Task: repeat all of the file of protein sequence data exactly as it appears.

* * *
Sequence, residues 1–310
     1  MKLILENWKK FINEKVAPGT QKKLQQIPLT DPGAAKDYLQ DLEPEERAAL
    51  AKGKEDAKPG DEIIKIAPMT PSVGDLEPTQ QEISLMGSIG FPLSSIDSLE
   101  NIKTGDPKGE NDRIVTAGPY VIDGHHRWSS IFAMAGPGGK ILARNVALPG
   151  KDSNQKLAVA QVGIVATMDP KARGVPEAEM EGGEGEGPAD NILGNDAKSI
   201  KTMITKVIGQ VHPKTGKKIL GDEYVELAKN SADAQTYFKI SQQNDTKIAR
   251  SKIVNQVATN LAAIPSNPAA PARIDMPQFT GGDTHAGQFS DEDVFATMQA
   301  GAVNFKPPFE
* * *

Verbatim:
Sequence, residues 1–310
     1  MKLILENWKK FINEKVAPGT QKKLQQIPLT DPGAAKDYLQ DLEPEERAAL
    51  AKGKEDAKPG DEIIKIAPMT PSVGDLEPTQ QEISLMGSIG FPLSSIDSLE
   101  NIKTGDPKGE NDRIVTAGPY VIDGHHRWSS IFAMAGPGGK ILARNVALPG
   151  KDSNQKLAVA QVGIVATMDP KARGVPEAEM EGGEGEGPAD NILGNDAKSI
   201  KTMITKVIGQ VHPKTGKKIL GDEYVELAKN SADAQTYFKI SQQNDTKIAR
   251  SKIVNQVATN LAAIPSNPAA PARIDMPQFT GGDTHAGQFS DEDVFATMQA
   301  GAVNFKPPFE